Rain Gardens – Harvesting The Rain

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rain-harvest   Catching and using the water from rainstorms is a procedure as old as the wind but one that seems to be gaining some new enthusiasts. There are even websites dedicated to saving the rain. Some rain gardens have a network of pipes that carry water from downspouts to distant parts of the landscape. Others have various ways to capture the rain from the roof and store it for later use. I would think this will work better in climates that have at least occasional rain through the spring, summer and fall. The main problem is that most of the World’s dry spaces that would benefit from this have distinct rainy and dry seasons.

For example where we live, except for the rare thunderstorm, it does not rain from April to November. To store enough water to make a difference here, you would have to have an Olympic swimming pool sized storage tank under ground to pump out of all summer. If you live where it can rain at any time of the year, then things like rain barrels are a viable option. In dry climates, saving the rain from the wet season just does not seem to work on the individual consumer level. But then again, I suppose our system of capturing winter moisture in lakes and reservoir and then releasing it for use in the summer is a form of rain harvesting. Unfortunately the dams often used for this are big impediments to healthy salmon populations here in the Northwest U.S.

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Will Sig
1 Gita

You are absolutely right. Effective rain gardens are very dependent on climate issues. Location of the garden, the way it is designed, the soil amendments and plant selection are just a few factors that vary with geographic location and typical rainfall amounts. Rain Gardening in the South: Ecologically Designed Gardens for Drought, Deluge & Everything in Between is a how-to guide for home gardeners in the southern USA. It details design, installation and maintenance of rain gardens, with particular attention to southern US regions. In bookstores or at http://www.enopublishers.org.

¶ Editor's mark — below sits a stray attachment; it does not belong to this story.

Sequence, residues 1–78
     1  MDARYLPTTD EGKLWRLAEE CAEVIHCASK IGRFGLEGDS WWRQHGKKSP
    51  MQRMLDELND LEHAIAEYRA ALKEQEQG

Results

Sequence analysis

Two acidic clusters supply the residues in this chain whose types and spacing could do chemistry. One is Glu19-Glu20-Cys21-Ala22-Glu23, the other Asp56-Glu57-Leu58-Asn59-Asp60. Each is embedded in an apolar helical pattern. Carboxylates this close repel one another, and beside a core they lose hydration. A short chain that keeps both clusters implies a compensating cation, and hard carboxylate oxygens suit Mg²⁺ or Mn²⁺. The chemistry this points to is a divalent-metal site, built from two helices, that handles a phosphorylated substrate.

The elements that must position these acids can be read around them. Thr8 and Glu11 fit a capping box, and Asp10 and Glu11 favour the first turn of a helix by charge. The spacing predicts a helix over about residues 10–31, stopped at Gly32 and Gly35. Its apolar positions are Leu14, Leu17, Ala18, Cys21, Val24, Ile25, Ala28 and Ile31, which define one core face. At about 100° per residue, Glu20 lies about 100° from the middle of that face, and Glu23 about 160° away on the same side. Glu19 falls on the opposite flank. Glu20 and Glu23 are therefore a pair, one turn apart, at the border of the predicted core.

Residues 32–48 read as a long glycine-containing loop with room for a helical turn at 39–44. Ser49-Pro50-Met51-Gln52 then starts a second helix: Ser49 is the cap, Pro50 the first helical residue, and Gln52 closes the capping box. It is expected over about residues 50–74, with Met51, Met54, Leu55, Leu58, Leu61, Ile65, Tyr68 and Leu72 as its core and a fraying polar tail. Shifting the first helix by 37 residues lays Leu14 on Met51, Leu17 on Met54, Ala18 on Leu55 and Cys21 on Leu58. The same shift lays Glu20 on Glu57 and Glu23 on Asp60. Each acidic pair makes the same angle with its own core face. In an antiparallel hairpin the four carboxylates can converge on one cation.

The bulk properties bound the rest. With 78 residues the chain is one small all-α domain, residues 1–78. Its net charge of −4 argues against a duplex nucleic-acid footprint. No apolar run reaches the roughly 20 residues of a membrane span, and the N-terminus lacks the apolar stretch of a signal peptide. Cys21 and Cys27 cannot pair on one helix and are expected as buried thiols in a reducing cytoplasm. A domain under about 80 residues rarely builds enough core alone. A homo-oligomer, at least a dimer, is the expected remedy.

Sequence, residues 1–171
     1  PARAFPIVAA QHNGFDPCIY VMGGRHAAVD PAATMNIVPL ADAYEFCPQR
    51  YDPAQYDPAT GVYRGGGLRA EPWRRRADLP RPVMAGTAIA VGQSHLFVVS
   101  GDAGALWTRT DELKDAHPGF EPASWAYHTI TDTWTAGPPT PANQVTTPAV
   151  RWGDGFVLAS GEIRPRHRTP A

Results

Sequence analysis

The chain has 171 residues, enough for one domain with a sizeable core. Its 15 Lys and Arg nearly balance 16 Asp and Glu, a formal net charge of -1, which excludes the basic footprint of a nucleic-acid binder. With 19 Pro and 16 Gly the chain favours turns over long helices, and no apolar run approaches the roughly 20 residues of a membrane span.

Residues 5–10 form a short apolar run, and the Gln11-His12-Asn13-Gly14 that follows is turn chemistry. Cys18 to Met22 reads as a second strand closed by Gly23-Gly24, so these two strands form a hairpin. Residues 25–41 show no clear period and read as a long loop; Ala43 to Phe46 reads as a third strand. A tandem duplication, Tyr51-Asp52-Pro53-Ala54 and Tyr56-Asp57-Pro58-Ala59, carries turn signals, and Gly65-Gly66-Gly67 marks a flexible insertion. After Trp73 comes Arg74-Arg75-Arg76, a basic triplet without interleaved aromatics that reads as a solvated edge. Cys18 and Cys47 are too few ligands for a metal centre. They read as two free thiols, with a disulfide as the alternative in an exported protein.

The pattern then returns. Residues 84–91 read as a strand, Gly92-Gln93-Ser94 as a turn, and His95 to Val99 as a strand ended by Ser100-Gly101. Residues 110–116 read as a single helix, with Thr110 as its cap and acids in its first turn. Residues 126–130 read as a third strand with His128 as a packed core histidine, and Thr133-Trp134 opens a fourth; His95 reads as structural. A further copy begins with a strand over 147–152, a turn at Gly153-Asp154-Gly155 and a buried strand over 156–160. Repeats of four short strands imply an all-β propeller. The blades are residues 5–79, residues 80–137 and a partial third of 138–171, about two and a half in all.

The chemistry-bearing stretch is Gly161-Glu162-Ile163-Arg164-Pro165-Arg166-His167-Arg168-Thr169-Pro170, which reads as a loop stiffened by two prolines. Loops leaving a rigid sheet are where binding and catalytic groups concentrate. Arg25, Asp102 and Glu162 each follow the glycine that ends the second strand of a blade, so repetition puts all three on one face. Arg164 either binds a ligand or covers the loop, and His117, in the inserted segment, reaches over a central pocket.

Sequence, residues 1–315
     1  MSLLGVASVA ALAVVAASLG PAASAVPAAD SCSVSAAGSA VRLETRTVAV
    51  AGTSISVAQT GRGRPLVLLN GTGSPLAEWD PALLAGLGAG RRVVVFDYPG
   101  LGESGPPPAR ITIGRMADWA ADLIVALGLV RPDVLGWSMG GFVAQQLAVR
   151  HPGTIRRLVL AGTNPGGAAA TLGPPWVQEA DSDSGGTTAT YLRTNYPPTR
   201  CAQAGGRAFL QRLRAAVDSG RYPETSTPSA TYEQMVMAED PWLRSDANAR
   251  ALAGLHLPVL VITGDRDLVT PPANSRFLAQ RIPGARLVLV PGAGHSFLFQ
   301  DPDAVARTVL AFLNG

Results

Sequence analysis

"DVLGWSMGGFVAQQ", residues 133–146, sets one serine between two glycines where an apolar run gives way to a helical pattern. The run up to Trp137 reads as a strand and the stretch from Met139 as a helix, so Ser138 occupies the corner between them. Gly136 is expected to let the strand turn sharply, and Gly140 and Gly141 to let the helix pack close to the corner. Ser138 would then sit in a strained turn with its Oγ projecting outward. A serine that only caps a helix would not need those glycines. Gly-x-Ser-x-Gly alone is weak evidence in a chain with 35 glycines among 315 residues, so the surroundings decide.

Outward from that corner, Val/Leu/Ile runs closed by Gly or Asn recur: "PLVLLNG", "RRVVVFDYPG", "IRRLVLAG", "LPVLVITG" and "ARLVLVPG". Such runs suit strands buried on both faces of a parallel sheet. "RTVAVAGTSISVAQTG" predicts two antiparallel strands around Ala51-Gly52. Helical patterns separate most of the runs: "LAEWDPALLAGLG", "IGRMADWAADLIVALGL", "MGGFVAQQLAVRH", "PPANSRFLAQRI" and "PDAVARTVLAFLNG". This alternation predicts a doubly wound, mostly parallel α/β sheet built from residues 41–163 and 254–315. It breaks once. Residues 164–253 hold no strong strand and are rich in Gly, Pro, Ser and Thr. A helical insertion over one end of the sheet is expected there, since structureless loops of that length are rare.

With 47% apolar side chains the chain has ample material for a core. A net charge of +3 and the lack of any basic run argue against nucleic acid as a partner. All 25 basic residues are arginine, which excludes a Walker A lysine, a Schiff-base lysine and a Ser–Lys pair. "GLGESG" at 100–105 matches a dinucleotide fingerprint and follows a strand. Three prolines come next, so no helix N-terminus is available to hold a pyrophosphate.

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2 Bob

No kidding, our company had tons of consultants in to all the properties for our going green project, one of the most recommended improvements was some type of rainwater harvesting.

Bobs last blog post..Sidewalk Astronomy at The Mall

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3 Gina Alajar

This is really helpful for environmentalists. I totally agree that we should save the rain.

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4 Anna

Hey Will I read an article somewhere that one prof from University of Toronto proposed this big pipe line and processing plants for fresh water to be distributed in Africa from across other continents, because the water in Africa is so contaminated that lot of children die from diseases. I think that is great idea. So same probably be nice for you, where there are floods why not pump somewhere else. Just an idea, may be in the future. Anna 🙂

Annas last blog post..A Bit of Knowledge: Home Decor – Cropping and Sizing Photos for Printing

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5 Anonymous

Rain gardens are good option for places that don’t get much rain for parts of the year. The plants absorb and retain the water.
.-= Rain Barrel´s last blog ..Urban Rain Gardens at UrbanGardensWeb =-.

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